Wednesday, August 25, 2010

U.S. Returned Faculty Are Liking It In Small Town India

In an effort to expand the higher education system, the Indian government in 2008 decided to open 8 additional branches of the Indian Institute of Technology. There was plenty of criticism of this move including a) is the decision being hastily implemented when the infrastructure is not yet ready?  2) are there enough new quality faculty available to teach? 3) would these new institutions become bogged down by the same byzantine bureaucracy and hierarchical stranglehold bedeviling older institutions?...

Its not that any or all of these concerns are invalid and indeed they may be playing themselves out in small or large measures on many of the new campuses of the IIT's. But sometimes I feel there is too much pessimism.

The Chronicle of Higher Education has a feel good story on the refreshingly positive experience of many U.S returned faculty who are now teaching at the new IIT campus in Ropar, Punjab, a small town near Chandigarh.

The administrators there worked hard at recruiting faculty, concentrating on young faculty and in fact manipulating the recruitment process to facilitate quick hiring, and then giving them considerable freedom in setting up syllabus and research labs. Here are some snippets:

 Ropar has tapped alumni networks abroad and marketed its advantages as a flexible new player in a mostly hidebound system.....

.... So how did Ropar do it? To get the word out, administrators relied on their established network of IIT contacts and alumni, including holding events in the United States to explain the opportunities available at the new campuses in India.

Once they found a candidate they wanted, they figured out ways to cut through India's notorious red tape.

For example, Ropar's new hires often start in a "visiting position" to avoid the lengthy selection process involved in hiring permanent faculty members.

Then the institute works on converting them into permanent faculty members.

And some faculty and student comments:

"I can see a lot more flexibility and freedom here in terms of research and teaching," says Himanshu Tyagi, 31, a graduate of IIT Delhi, .....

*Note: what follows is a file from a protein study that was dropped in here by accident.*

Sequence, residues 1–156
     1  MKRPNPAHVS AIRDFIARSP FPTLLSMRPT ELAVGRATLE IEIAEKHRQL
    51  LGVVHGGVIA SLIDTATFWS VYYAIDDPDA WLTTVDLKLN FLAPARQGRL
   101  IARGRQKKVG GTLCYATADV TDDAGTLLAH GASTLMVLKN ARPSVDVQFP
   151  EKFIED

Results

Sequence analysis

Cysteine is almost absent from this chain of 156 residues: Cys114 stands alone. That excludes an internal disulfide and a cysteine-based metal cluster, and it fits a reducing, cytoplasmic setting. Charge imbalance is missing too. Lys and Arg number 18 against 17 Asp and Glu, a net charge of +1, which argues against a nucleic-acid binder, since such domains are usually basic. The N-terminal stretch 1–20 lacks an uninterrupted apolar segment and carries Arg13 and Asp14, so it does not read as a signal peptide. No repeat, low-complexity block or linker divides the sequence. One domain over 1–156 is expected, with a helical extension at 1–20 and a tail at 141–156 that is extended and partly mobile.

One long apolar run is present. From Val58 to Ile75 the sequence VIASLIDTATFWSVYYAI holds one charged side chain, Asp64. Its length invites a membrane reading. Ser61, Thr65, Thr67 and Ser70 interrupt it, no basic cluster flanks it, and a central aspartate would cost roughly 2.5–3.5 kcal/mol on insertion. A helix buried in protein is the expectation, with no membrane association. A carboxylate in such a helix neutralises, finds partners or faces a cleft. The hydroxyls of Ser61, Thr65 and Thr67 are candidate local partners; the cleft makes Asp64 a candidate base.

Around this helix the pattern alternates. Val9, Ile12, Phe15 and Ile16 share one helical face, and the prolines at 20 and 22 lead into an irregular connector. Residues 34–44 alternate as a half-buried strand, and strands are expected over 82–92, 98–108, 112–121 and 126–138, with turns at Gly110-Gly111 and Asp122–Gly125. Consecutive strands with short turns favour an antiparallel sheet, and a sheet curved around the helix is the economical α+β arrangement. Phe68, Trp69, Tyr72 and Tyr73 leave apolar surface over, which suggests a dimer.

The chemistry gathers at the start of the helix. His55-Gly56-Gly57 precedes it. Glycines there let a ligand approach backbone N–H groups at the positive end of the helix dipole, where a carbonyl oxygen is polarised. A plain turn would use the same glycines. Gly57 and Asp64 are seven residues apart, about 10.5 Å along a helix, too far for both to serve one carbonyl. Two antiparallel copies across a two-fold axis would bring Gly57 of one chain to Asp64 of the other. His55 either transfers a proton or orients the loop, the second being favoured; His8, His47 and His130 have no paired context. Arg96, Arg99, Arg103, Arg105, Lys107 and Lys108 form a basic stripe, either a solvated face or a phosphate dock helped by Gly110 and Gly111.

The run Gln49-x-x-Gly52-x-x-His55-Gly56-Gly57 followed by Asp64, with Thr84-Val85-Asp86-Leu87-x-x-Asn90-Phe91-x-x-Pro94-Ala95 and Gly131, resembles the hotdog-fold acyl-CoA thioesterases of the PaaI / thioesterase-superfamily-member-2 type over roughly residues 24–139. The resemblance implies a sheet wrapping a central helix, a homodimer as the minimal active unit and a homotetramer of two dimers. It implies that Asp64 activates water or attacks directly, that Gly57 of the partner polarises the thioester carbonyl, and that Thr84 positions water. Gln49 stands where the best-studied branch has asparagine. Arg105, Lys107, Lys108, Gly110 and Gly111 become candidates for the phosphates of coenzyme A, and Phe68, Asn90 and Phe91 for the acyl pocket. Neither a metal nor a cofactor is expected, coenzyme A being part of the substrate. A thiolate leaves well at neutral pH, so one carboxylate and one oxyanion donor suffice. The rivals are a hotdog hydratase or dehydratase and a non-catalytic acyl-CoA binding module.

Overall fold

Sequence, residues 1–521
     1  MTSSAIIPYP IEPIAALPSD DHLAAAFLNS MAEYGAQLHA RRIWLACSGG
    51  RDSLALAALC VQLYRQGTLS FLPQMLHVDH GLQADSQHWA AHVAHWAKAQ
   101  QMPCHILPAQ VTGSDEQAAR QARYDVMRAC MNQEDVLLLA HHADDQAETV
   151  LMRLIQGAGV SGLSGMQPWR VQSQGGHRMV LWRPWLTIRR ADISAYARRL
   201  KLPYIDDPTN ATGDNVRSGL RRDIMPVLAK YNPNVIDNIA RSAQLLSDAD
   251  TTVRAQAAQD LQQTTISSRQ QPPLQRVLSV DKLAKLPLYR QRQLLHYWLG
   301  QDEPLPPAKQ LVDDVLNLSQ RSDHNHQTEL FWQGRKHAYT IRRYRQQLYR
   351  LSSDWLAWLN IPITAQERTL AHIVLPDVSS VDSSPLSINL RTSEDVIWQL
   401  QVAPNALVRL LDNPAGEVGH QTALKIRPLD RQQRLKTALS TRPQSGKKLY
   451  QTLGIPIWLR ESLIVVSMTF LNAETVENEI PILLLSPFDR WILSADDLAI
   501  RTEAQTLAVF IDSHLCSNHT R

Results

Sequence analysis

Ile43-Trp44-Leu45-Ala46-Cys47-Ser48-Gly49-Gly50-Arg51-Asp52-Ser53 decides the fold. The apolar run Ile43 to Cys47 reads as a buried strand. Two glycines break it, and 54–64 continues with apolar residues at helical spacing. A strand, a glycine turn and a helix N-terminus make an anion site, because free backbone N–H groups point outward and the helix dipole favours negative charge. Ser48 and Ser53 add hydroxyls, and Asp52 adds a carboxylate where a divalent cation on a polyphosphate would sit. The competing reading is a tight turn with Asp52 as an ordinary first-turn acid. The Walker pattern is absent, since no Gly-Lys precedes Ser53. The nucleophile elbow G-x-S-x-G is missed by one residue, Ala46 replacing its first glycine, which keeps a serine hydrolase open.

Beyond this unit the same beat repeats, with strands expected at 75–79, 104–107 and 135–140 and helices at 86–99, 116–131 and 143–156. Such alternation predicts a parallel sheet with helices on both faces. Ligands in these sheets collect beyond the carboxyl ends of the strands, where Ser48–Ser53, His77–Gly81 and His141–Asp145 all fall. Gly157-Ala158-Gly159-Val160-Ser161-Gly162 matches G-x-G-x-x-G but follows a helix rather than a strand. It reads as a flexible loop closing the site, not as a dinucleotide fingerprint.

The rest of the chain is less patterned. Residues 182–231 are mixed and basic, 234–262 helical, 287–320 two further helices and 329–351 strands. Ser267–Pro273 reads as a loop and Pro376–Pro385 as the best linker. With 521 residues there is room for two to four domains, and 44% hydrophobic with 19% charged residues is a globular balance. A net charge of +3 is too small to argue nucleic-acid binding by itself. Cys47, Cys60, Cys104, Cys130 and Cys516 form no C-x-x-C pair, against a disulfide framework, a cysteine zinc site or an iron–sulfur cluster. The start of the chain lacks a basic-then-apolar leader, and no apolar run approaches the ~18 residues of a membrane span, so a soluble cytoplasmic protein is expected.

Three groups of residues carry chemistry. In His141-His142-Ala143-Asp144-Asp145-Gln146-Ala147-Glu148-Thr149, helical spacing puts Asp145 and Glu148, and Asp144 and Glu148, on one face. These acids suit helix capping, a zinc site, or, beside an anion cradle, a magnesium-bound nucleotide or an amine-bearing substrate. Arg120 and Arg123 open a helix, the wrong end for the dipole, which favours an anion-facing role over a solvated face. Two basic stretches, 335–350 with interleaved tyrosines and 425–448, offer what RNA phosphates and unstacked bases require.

New research "is taking off here," Mr. Gupta says. "So you can actually set up your own lab and make an actual contribution, which is kind of hard in the U.S."

"The faculty here are much younger than Delhi's, and they are ready to experiment," says Ishan Chhabra, a third-year computer-science student. "They are ready with bleeding-edge research, and they take it and expose undergraduates to it. In an older institute, only Ph.D. students would be introduced to it."

I think the "lets make a fresh start" and "making an impact" mentality among young faculty is helping along with some enlightened and sympathetic administrative decisions.

Off course there are always the occasional hazards:

In the car with a young trainee and her mother, Mr. Gupta was fumbling with the stick shift until the instructor proudly announced that his student was a "foreign returned" professor at the new Indian Institute of Technology down the road.

There was a brief silence. "Are you married?" the girl's mother inquired.

Some things will never change in India.

Monday, August 23, 2010

Wedging California Apart Along The San Andreas Fault

BLDGBLOG writes about research being done along the San Andreas Fault in the Carrizo plain, in an effort to understand historical seismicity along the fault. The paper has been published in the September issue of Geology. The story has been making news as results suggest that major earthquakes since the 1300's have been occurring at approximately century long intervals before the last big one in 1857....

I love BLDGBLOG's imaginative scenario of the consequences of geologists digging deep trenches to study earth movements:

Imagine a rogue, university-funded team of geologists researching ever-lower levels of the earth, forcing themselves downward with separating devices that pin open rocky wounds to split whole landmasses along unanticipated faultlines. Using these tools—terrain deformation grenades gone linear—they create islands in the earth's crust, like walled castles of geology, carving out new blocks in the landscape.

Maybe its time for a sequel to Alistair Maclean's Goodbye California.

Thursday, August 19, 2010

Is My Fossil Not Spongeworthy?

The Australian reports on a recent announcement of possible sponge-grade metazoan remains from the Flinders range in south Australia claimed by a research group from Princeton University and hints at a darker controversy involving priority:

Paleontologists such as Jim Gehling with the South Australian Museum say it is no surprise that simple sponge-like animals lived 600-650 million years ago, as reported yesterday in the journal Nature Geoscience. But they are far from convinced they are what the Princeton University team has found.

"To argue these were sponges is a difficult proposition. They look like Coco Pops, " said Dr Gehling.

Moreover, Dr Gehling said better, older fossils had been found three years ago by University of Melbourne geologist Malcolm Wallace and his team. Dr Gehling suggested that competitive pressure might have been the reason Dr Wallace's group has been unable to publish their results.